Fig. 3 Quantitative comparison between the optical near-field imprint produced by irradiation of a single dielectric sphere on the GST film and the corresponding calculation. (a) Optical micrograph of the GST film after irradiation with a 350ps pulse (θ = 53°) on a sphere (diameter d = 1.00μm), which was removed upon irradiation. The particle’s original position is marked with a white dot. Also shown is the corresponding calculated intensity distribution as well as the intensity profile along the white dashed line (both as insets). (b) Reflectivity profiles along the horizontal axis through the center of the sphere. The experimental data were taken along the black dashed line in (a). Calculated data are obtained from mapping the theoretical intensity profile shown in the inset of (a) into reflectivity values (see main text for details).

For a deeper understanding of the field distribution in the particle near field, it is necessary to compare the resulting pattern with a calculation that takes into account the whole system and therefore also includes the influence of the substrate. The need for such a comparison becomes obvious if one looks at the close vicinity of the particle, where the far-field condition is not met. The shadowing effect of the particle cannot explain the considerable spatial extension of the apparently unmodified, bright region around the ablation hole that is much larger than the particle projection onto the surface. Using the model described in section 2, the two-dimensional intensity distribution I/I0 (x, y) for the present arrangement was calculated and is depicted as an inset in Fig. 3(a). For a qualitative, spatial comparison with experiment, these values are shown with an inverted color scale (i.e. dark regions mark field enhancement whereas brighter regions mark field attenuation). In this way the calculations reflect the GST behavior as an approximate opposite linear function of the local fluence upon irradiation.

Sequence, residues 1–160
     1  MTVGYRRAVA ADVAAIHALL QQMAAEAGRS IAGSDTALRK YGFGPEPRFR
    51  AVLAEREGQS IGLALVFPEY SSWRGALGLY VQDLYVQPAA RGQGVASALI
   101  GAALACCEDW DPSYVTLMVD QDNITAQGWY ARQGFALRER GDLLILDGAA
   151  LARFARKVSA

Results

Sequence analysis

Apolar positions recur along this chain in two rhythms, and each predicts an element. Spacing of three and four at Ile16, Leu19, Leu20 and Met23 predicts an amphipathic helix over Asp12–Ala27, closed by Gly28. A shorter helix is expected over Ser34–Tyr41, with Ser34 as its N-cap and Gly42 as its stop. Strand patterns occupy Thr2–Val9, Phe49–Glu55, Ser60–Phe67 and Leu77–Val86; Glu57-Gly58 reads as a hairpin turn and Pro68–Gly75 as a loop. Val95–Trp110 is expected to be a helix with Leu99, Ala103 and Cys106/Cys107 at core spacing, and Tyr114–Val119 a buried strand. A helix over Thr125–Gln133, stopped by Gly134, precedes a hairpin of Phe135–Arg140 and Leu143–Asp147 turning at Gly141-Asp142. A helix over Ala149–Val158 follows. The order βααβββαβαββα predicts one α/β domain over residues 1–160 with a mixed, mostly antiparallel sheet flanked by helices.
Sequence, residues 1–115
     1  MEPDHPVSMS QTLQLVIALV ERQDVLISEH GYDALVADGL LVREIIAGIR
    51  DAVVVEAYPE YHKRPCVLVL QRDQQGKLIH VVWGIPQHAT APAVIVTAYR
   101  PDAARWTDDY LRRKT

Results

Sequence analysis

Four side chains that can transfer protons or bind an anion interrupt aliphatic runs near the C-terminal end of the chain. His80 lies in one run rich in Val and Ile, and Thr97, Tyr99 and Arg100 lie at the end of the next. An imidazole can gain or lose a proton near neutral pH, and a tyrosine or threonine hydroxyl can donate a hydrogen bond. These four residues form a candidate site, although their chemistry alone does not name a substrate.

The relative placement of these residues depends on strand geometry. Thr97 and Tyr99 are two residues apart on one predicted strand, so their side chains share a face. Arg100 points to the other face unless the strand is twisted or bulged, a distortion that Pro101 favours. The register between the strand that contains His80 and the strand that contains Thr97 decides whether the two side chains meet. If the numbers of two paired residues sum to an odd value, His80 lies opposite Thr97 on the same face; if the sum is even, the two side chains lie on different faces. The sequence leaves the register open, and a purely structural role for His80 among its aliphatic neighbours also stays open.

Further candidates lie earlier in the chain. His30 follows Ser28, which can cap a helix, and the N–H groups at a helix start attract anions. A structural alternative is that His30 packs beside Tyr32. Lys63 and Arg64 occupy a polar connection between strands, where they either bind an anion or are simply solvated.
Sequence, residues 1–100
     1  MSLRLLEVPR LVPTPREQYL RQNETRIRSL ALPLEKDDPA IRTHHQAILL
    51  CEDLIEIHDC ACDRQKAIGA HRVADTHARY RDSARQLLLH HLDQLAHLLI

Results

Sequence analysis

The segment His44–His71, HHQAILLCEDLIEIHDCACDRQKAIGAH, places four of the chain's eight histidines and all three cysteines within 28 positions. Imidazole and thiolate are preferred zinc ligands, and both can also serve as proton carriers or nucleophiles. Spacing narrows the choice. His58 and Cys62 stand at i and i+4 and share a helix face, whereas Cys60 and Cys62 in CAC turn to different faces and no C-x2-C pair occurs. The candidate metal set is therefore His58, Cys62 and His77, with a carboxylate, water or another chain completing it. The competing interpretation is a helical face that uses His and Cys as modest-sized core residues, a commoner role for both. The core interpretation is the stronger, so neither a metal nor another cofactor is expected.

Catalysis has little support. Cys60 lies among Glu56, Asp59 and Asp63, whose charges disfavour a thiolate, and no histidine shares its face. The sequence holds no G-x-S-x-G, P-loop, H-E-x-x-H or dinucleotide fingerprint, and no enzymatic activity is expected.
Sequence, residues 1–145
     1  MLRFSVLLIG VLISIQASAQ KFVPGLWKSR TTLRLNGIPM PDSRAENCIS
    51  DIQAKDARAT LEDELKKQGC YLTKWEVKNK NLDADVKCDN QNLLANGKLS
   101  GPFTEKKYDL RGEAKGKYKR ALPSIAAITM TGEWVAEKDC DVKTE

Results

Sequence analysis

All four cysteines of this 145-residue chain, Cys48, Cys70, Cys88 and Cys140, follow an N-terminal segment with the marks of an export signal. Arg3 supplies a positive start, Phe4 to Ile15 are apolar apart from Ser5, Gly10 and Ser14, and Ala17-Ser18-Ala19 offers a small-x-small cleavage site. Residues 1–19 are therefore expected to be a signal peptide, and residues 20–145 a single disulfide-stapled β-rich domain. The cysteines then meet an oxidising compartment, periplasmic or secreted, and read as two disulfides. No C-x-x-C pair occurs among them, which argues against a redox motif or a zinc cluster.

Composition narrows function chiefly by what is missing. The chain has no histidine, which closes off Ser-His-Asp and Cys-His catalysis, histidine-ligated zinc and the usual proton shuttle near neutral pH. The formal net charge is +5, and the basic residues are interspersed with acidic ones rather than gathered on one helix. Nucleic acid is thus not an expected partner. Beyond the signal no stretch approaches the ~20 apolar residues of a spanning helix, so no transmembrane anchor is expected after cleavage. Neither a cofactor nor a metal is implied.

Since I/I0 (x, y) ∝ F/F0 (x, y), the value of I0 can be directly determined from the measured pulse peak fluence Fmax = 18.6mJ/cm2 at the beam center position. Finally, the profile was convoluted with a Gaussian function which simulates the limitation in spatial resolution imposed by the imaging system. The result, displayed in Fig. 3(b), shows an excellent agreement between calculation and experiment. Deviations are in the range of only a few percent, except for the range 0 < x < 1μm, where the particle focuses the incoming light down to a very small area, leading to strong local ablation in this region.

3.3. Influence of the particle size on the imprinted pattern

To investigate the influence of particle size on the field distribution, we irradiated colloidal spheres of different diameters (Fig. 4). The laser beam was polarized perpendicular to the incident plane (s-polarized). In all cases, the particles have been removed upon irradiation.

Fig. 4 Near-field imprints from particles of different sizes. (a) Optical micrograph of the GST film after irradiation with a 350 ps pulse (θ = 53°) on a single sphere (d = 4.65μm). The calculated intensity distribution is shown as an inset. (b) Same as (a) for d = 1.00μm. (c) Same as (a) for d = 0.57μm. (d) Lower part: Calculated intensity distribution from (a). Upper part: Calculated intensity distribution for a particle diameter that is only 25nm smaller than in (a).

The polarization of the incident light also has a great influence on the imprinted pattern. Figure 5 shows two patterns that are the result of irradiations on particles of the same size (d = 1.00μm) but for different beam polarizations. Besides the obvious differences in the shape of both imprints, more subtle features can be distinguished when plotting the horizontal reflectivity profiles through the particle center for both polarizations (Fig. 5(c)). The forward-scattering part of the pattern produced by p-polarized light is much more pronounced than for s-polarized light. The opposite behavior is observed for the back-scattering and side parts, which accordingly are visible over a much larger area in Fig. 5(b). Both observations are in agreement with the corresponding calculation, which predicts this exact relative local field amplification (Fig. 5(d)).

Fig. 5 Near-field imprints of particles with diameter d = 1.00μm for different linear polarizations of the 350ps laser pulse. (a) Micrograph of a pattern produced with p-polarized light. The calculated intensity distribution is shown as an inset. (b) Same as (a) for s-polarized light. (c) Reflectivity profile along a line in the incident plane and through the particle center (at x = 0) in (a) and (b). (d) Corresponding calculated intensity profiles.

4. SEM studies